Gallico’s The Snow Goose was first published in 1941 and culminates in the death of its hero, the ‘hunchback’ artist Philip Rhayader, at the evacuation of Dunkirk after many successful forays to lift men off the beaches. It’s a story that could have been written for Angela Barrett to illustrate, for despite the specificity of its wartime setting, it has the timeless quality of fairy tale. The Essex coastal setting is described vividly in words: ‘greys and blues and soft greens are the colours, for when the skies are dark in the long winters, the many waters of the beaches and marshes reflect the cold and sombre colour.’ Yet there is ample space for this subtle and atmospheric illustrator to interact with the text and illuminate it in her own way.
For those unfamiliar with the story, the lonely artist (who is also a bird lover) is disturbed by a local girl, Frith, who brings him a snow goose with a broken leg. A friendship grows between them and endures over the years as the now tame goose returns again and again and as the girl grows older. A new kind of tension develops between the girl who has become a young woman and Philip but it is at this point that he sails off for Dunkirk, the snow goose circling watchfully above him.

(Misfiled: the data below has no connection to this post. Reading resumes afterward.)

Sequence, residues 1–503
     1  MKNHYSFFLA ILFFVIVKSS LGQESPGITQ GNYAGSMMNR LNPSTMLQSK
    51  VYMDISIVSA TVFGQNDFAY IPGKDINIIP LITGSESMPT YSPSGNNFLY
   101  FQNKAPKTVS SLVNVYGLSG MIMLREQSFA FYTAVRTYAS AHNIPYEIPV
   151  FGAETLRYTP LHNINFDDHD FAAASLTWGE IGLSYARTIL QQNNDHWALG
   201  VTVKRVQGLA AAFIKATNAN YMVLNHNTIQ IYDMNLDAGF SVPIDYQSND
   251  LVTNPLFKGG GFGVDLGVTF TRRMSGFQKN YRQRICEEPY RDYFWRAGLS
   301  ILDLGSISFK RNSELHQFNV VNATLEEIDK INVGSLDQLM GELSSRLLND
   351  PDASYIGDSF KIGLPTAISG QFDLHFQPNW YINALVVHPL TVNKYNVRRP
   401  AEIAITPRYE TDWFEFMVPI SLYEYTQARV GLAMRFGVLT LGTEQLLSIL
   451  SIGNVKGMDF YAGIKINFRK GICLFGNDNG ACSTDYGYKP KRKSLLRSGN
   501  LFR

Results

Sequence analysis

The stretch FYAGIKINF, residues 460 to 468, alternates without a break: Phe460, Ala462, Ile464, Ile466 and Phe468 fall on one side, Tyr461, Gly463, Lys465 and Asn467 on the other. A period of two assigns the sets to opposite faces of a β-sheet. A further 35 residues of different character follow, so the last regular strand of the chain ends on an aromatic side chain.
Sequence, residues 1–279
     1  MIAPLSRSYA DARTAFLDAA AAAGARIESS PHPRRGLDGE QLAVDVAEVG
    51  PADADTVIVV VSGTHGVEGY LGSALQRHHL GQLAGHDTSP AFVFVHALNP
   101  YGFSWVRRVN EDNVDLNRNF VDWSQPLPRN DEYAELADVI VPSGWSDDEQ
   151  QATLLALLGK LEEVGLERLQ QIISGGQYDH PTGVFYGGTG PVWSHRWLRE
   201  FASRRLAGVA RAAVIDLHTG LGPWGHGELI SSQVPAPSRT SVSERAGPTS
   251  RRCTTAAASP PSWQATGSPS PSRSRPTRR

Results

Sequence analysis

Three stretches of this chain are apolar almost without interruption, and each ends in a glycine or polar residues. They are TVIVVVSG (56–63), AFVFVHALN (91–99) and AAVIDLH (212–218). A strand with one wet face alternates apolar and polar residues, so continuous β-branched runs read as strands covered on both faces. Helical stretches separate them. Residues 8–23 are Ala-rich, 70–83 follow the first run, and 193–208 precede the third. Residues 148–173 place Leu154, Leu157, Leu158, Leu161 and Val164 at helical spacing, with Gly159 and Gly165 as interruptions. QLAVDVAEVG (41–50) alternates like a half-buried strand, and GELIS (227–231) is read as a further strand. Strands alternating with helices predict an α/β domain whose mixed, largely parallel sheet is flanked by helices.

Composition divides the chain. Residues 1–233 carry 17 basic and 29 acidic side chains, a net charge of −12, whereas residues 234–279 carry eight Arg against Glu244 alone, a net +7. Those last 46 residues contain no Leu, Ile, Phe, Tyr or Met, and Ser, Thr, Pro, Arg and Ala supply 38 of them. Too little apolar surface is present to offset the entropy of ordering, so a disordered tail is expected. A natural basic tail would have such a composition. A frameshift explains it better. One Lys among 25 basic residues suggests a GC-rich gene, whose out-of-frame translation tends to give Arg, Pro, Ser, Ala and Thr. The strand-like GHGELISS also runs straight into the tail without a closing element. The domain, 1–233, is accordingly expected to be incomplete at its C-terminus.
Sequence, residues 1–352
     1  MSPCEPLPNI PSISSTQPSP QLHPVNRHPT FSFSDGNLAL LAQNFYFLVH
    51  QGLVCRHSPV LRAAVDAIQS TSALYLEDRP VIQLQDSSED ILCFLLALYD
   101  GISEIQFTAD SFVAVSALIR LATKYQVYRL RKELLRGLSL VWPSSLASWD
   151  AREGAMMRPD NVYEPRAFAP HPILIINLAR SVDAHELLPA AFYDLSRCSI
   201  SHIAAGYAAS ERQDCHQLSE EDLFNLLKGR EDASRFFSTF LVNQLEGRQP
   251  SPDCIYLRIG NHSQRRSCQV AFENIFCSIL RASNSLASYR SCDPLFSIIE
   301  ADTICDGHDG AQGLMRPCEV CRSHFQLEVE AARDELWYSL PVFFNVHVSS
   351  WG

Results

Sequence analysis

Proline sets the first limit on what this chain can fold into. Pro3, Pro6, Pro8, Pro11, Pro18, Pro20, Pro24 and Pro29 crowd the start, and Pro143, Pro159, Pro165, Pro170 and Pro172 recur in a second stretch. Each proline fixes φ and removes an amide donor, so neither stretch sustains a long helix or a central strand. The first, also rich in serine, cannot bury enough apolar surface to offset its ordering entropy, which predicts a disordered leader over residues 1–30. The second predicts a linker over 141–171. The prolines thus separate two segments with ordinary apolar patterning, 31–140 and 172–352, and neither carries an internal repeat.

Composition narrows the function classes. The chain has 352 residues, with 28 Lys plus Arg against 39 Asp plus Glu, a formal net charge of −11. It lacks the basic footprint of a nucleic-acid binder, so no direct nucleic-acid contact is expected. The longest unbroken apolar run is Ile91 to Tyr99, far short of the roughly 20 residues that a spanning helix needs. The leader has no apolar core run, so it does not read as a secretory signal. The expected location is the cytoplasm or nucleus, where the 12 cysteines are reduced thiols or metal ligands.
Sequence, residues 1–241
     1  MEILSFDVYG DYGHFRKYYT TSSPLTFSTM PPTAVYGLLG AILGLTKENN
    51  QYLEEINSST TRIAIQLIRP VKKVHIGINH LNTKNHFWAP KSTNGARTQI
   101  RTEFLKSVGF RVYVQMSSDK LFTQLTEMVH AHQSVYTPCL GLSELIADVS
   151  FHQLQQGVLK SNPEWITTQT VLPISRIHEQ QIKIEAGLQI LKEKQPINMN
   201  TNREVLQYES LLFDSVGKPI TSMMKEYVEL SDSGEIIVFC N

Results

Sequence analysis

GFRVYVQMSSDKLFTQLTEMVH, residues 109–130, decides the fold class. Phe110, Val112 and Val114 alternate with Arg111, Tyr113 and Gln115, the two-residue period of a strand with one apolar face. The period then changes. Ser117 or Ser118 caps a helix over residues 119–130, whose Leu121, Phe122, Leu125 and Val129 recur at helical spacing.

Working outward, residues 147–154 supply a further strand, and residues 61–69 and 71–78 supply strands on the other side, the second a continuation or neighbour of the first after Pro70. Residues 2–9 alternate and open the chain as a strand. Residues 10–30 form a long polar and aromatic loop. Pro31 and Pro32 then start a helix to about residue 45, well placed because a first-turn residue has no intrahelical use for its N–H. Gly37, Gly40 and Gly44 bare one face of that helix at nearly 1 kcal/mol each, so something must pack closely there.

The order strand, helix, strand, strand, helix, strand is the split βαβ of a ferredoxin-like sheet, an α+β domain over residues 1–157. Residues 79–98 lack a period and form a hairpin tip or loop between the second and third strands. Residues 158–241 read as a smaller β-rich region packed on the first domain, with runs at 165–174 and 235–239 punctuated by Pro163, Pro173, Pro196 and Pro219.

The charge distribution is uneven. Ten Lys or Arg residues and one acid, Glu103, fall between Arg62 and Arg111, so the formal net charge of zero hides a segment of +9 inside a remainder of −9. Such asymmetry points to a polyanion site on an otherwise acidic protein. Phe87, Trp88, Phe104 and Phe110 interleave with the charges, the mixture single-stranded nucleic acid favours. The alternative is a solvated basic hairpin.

Barrett makes confident use of the page with vignettes, single and half pages and a dramatic double page spread of a Dunkirk beach, alternating between an intensely grainy black and white (pencil?) that has almost the texture of paint and muted colour washes. Light is all important in the landscapes of the estuary as it is gleaming on the plumage of the goose or on a sail out at sea. Meanwhile Barrett’s rendition of Philip and Frith reinforces the fairy tale quality of Gallico’s text, referencing Beauty and the Beast, yet with all the pain and despair of what remains unsaid and unresolved between this particular couple. This is Barrett at her consummate best.